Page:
California Historical Landmark No. 502: Oak Grove Stage Station

Oak Grove is located in the northern mountains of San Diego County, northeast of Mount Palomar, along the Temecula Creek. Oak Grove was the location of a stage station for the Butterfield Overland Mail route, which operated between 1858 and 1861, connecting California to the rest of the country for communication and transportation. The Butterfield route stretched almost 2,800 miles between San Francisco in the west, and St. Louis and Memphis in the east. A southern route through Fort Yuma and El Paso was chosen as it would remain snow free during the winter. Not only serving the mail service, the Butterfield Overland Mail route served as a main road between California and the East before the completion of the transcontinental railroads.

Today, Oak Grove Stage Station’s one story adobe building has been restored and can be visited as a museum site/shop, one of the handful of remaining stage stations left of a nationwide network, and possibly the only one maintained as a usable building.

California Historical Landmark No. 502

P1200916 by jawajames
P1200916, a photo by jawajames on Flickr.

Prior to the establishment of the Butterfield Overland, mail to the west coast had to travel by sea to Panama, be carried over the isthmus, and then travel by sea up to California. The US Post Office put a contract out to bid for service connecting St. Louis and San Francisco, and Butterfield’s route and company were selected to transport mail to and from California. The Butterfield Overland Mail started service in 1857, but began official contract service in September 1858, with the stagecoach service transporting passengers, freight, and letters in a trip that took about 22 days.

Originally there were 53 stations in California, where horse teams could be watered and exchanged for fresh horses, but later 6 more were added to fill in some of the larger gaps. California was divided into two administrative divisions, and Oak Grove was in the 2nd Division, connecting Los Angeles with Fort Yuma at the Colorado River. Traveling between Los Angeles and Fort Yuma used a route that was 282 miles long and took 72 hours to complete. Oak Grove was located 10 miles north of the Warner’s Ranch stage station, and 12 miles south of the Tejungo station. Oak Grove was a swing station where horses and mail were exchanged, but not a meal stop (Temecula served in that capacity.)

The Overland, now owned by Wells Fargo after Mr. Butterfield fell into debt, eventually lost its contract when it appeared that civil war was impending, as much of the route traveled through Southern states. A faster, more direct service for mail also began – the Pony Express, but both were replaced by the Central Overland California Route. The contract was canceled on March 2, 1861 with the end of service on June 30, 1861.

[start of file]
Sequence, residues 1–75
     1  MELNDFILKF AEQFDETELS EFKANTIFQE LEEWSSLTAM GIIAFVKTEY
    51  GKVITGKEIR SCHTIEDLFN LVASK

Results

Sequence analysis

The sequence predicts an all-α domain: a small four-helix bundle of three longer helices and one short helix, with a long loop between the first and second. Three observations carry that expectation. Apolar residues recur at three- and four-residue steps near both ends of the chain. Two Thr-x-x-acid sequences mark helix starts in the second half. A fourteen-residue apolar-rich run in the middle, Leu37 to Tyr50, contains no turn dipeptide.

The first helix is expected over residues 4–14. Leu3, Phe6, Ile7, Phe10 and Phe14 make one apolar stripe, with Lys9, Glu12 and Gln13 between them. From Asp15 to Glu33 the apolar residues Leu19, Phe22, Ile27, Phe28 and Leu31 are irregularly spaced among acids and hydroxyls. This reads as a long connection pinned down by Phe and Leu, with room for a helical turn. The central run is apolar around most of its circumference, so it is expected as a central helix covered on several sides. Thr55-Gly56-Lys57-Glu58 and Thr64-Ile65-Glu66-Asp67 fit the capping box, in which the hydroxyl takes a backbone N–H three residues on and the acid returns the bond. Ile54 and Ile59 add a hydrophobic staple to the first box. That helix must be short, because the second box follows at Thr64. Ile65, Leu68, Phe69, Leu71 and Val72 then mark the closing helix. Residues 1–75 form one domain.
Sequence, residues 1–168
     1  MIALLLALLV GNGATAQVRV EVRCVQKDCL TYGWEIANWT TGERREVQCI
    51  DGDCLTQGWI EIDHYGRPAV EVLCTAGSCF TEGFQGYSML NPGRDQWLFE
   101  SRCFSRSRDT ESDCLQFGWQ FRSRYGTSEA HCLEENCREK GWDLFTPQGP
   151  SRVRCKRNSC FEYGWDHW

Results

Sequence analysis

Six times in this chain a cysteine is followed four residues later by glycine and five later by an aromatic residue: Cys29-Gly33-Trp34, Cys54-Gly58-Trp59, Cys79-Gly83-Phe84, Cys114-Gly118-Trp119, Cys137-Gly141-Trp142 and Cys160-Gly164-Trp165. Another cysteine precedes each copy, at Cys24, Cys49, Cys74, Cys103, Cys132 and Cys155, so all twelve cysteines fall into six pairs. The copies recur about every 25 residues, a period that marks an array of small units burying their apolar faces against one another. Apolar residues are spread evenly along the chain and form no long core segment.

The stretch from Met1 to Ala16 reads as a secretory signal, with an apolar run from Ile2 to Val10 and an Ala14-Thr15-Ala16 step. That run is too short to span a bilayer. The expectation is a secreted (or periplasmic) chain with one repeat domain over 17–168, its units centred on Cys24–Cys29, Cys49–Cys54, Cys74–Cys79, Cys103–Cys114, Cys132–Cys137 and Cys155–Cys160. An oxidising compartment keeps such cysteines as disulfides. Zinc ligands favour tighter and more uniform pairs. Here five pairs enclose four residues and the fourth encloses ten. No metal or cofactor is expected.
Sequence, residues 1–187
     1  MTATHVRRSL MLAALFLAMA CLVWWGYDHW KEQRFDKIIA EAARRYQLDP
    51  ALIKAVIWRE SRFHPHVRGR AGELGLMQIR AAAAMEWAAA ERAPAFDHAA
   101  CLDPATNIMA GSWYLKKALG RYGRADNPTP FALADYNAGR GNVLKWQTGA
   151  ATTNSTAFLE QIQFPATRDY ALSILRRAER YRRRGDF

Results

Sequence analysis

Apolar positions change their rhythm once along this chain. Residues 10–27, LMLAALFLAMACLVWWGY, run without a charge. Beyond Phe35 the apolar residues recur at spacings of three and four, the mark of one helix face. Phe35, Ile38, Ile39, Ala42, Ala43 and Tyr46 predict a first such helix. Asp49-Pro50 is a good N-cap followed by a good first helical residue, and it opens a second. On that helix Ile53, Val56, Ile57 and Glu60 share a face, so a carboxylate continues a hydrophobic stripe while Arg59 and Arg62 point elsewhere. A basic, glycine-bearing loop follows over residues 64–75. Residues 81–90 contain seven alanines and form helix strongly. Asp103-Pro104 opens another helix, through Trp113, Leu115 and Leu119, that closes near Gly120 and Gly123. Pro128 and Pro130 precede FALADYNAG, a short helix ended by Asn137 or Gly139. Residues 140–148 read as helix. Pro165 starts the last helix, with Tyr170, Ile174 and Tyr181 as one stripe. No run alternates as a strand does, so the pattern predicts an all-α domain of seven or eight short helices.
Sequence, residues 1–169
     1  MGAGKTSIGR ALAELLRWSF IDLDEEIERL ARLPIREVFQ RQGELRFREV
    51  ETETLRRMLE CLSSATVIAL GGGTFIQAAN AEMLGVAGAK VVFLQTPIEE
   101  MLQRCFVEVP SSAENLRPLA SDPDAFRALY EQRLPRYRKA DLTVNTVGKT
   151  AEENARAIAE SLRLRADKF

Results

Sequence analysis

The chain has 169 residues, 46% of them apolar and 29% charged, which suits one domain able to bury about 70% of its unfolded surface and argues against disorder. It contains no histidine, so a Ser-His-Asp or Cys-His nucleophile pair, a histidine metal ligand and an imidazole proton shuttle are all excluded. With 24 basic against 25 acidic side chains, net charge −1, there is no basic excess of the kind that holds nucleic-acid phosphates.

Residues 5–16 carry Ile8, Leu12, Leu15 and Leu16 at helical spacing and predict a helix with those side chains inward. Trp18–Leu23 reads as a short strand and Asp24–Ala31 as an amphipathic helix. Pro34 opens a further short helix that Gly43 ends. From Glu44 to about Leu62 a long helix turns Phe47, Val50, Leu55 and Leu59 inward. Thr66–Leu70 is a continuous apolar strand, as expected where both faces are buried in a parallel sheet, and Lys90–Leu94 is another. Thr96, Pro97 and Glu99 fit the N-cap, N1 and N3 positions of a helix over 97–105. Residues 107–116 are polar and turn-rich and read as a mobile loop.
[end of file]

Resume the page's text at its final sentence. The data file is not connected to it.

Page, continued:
During the Civil War, the building was used as a hospital for nearby Camp Wright. After the war, the adobe changed hands several times, becoming a tavern, hotel, post office, and even adding gas pumps and being a grocery store. In the 1990s, the building was filled with antiques and served as a private museum

Plaque Text

P1200906 by jawajames
P1200906, a photo by jawajames on Flickr.
    OAK GROVE STAGE STATION
    Occupied in 1858 by Warren Hall, Division Superintendent, Butterfield Overland Mail which operated between San Francisco and the eastern termini, St. Louis and Memphis, from September 15, 1858 to March 2, 1861. The first mail stage from the East driven from Fort Yuma by Warren Hall and Jacob Bergman passed here October 6, 1858.

    STATE REGISTERED LANDMARK NO. 502

    Marker placed by the San Diego County Board of Supervisors and the Historical Markers Committee
    Erected 1953

The text on the actual plaque is quite different than the description in the state listing, which reads:

    Oak Grove is one of the few remaining stations on the Butterfield Overland Mail route, which operated between San Francisco and two eastern terminals-St. Louis, Missiouri and Memphis, Tennessee-from September 15, 1858 to March 2, 1861. During the Civil War the station was used as a hospital for nearby Camp Wright.

The landmark was registered 12/16/1952, but the plaque appears remarkably in good condition for having been out for sixty years, so my guess is that the plaque had been replaced at one point in time, and additional information about the stage station and Warren Hall was added then. In addition to being a California Historical Landmark, it is also registered as a National Historic Landmark.

Location

P1200909 by jawajames
P1200909, a photo by jawajames on Flickr.

Oak Grove Stage Station is located in Oak Grove, along State Route 79, at about Postmile 49.4, on the west side of the highway, not far from the Riverside County line. The station is made of two buildings, including the historic adobe structure, and has several stagecoach and horse carts in front, drawn by tacky statues of horses and oxen. The station is fenced in with some second hand gate materials, the hours or days of operation of the stage station museum are not posted, though is presumably open on the weekends.

The historical marker is located just north of the station, outside the fenced area, alongside the highway shoulder. 500 yards south of the station is the historical marker for Camp Wright.

Photos
Photos of the Oak Grove Stage Station and the landmark plaque can be found in my flickr album of California Historical Landmarks: Northeast San Diego County.

Resources

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One response to “California Historical Landmark No. 502: Oak Grove Stage Station”

  1. Ben Markham says :

    Beautiful…too bad it’s closed to the public.

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